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Expression Evaluator Architecture 

Integrating a proprietary language into the Visual Studio debug package means implementing the required expression evaluator (EE) interfaces and calling the common language run-time symbol provider (SP) and binder interfaces. The SP and binder objects, together with the current execution address, are the context in which expressions are evaluated. The information that these interfaces produce and consume represents the key concepts in the architecture of an EE.


Parsing the Expression

When you are debugging a program, expressions are evaluated for a number of reasons but always when the program being debugged has been stopped at a breakpoint (either a breakpoint placed by the user or one caused by an exception). It is at this moment when Visual Studio obtains a stack frame, as represented by the IDebugStackFrame2 interface, from the debug engine (DE). Visual Studio then calls IDebugStackFrame2::GetExpressionContext to obtain the IDebugExpressionContext2 interface. This interface represents a context in which expressions can be evaluated; IDebugExpressionContext2::ParseText is the entry point to the evaluation process. Up until this point, all interfaces are implemented by the DE.

When IDebugExpressionContext2::ParseText is called, the DE instantiates the EE associated with the language of the source file where the breakpoint occurred (the DE also instantiates the SH at this point). The EE is represented by the IDebugExpressionEvaluator interface. The DE then calls IDebugExpressionEvaluator::Parse to convert the expression (in text form) to a parsed expression, ready for evaluation. This parsed expression is represented by the IDebugParsedExpression interface. Note that the expression is typically parsed and not evaluated at this point.

The DE creates an object that implements the IDebugExpression2 interface, puts the IDebugParsedExpression object into the IDebugExpression2 object, and returns the IDebugExpression2 object from IDebugExpressionContext2::ParseText.

Evaluating the Expression

Visual Studio calls either IDebugExpression2::EvaluateSync or IDebugExpression2::EvaluateAsync to evaluate the parsed expression. Both of these methods call IDebugParsedExpression::EvaluateSync (IDebugExpression2::EvaluateSync calls the method immediately, while IDebugExpression2::EvaluateAsync calls the method through a background thread) to evaluate the parsed expression and return an IDebugProperty2 interface that represents the value and type of the parsed expression. IDebugParsedExpression::EvaluateSync uses the supplied SH, address and binder to convert the parsed expression into an actual value, represented by the IDebugProperty2 interface.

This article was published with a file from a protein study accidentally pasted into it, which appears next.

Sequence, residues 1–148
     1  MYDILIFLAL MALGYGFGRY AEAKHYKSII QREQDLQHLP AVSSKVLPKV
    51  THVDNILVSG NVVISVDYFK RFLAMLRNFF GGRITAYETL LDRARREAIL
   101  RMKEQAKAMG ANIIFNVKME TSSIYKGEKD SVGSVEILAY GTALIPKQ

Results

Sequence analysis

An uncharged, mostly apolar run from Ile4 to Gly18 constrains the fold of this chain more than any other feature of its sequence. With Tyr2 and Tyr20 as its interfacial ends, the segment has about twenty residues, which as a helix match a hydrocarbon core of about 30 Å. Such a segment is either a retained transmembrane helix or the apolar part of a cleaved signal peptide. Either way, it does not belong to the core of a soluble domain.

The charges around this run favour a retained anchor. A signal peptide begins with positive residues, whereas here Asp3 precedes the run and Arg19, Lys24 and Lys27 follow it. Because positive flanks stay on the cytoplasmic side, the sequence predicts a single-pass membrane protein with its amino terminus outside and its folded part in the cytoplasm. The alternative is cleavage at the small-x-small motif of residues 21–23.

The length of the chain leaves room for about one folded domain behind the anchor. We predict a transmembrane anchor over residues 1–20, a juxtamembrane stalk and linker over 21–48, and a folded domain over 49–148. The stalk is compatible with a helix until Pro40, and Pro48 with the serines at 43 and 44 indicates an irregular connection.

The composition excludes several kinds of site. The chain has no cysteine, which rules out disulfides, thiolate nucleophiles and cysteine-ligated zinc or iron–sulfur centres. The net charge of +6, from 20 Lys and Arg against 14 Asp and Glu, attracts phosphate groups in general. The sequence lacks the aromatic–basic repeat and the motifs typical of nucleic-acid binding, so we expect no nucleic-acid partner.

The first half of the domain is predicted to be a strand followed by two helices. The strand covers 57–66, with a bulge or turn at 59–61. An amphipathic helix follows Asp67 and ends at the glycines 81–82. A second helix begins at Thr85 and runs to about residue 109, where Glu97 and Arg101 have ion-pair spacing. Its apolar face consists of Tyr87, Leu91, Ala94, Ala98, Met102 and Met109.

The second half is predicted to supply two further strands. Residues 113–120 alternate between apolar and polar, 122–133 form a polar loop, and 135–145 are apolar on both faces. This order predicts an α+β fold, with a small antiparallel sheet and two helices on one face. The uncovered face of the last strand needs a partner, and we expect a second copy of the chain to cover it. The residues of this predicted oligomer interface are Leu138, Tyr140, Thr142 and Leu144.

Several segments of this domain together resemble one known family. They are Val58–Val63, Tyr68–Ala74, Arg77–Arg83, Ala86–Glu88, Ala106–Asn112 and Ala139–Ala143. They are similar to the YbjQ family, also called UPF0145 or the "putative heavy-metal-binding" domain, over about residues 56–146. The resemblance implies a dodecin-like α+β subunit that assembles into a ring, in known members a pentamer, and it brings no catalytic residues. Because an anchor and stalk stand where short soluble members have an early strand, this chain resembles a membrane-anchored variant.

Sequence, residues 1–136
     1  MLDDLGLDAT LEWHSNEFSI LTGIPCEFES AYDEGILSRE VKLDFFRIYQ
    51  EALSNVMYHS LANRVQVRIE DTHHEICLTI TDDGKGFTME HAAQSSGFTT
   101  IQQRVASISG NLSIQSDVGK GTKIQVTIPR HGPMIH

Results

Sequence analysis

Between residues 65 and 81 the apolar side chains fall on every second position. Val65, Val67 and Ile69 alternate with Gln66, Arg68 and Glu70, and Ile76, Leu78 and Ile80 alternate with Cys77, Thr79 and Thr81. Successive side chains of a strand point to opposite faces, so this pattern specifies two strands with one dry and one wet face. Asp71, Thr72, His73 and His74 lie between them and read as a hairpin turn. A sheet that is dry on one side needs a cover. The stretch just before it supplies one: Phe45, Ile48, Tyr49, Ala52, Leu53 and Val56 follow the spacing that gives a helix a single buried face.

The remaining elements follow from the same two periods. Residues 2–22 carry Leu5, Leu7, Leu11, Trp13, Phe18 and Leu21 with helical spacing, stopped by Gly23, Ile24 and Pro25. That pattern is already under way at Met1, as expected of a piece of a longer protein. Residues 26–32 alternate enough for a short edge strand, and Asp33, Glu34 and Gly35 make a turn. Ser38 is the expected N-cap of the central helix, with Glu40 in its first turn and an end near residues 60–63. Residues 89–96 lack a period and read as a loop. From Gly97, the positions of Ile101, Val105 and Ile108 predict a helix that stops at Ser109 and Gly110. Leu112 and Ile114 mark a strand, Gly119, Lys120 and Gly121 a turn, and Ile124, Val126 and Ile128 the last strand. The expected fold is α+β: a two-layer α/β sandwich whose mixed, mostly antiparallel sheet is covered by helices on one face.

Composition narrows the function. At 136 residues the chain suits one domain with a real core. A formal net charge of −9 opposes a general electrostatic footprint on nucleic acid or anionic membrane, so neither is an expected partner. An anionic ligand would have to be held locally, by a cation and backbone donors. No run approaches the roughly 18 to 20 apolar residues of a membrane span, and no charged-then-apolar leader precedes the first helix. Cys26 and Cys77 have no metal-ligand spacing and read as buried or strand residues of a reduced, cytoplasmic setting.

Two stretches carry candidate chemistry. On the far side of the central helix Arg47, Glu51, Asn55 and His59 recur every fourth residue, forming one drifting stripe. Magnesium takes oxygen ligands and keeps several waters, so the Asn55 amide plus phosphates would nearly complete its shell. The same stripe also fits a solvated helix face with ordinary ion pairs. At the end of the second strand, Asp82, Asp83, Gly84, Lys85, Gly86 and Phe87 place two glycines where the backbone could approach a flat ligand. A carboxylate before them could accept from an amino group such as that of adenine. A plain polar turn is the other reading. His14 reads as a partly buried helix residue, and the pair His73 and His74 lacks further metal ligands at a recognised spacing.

For Example

After a breakpoint is hit in a running program, the user chooses to view a variable in the QuickWatch dialog box. This dialog box shows the variable's name, its value, and its type. The user can usually change the value.

When the QuickWatch dialog box is shown, the name of the variable being examined is sent as text to IDebugExpressionContext2::ParseText. This returns an IDebugExpression2 object representing the parsed expression, in this case, the variable. IDebugExpression2::EvaluateSync is then called to produce an IDebugProperty2 object that represents the variable's value and type, as well as its name. It is this information that is displayed.

If the user changes the variable's value, IDebugProperty2::SetValueAsString is called with the new value, which changes the value of the variable in memory so it will be used when the program resumes running.

See Displaying Locals for more details on this process of displaying the values of variables. See Changing the Value of a Local for more details on how a variable's value is changed.

In This Section

Evaluation Context

Provides the arguments that are passed when the DE calls the EE.

Key Expression Evaluator Interfaces

Describes the crucial interfaces needed when writing an EE, along with the evaluation context.

See Also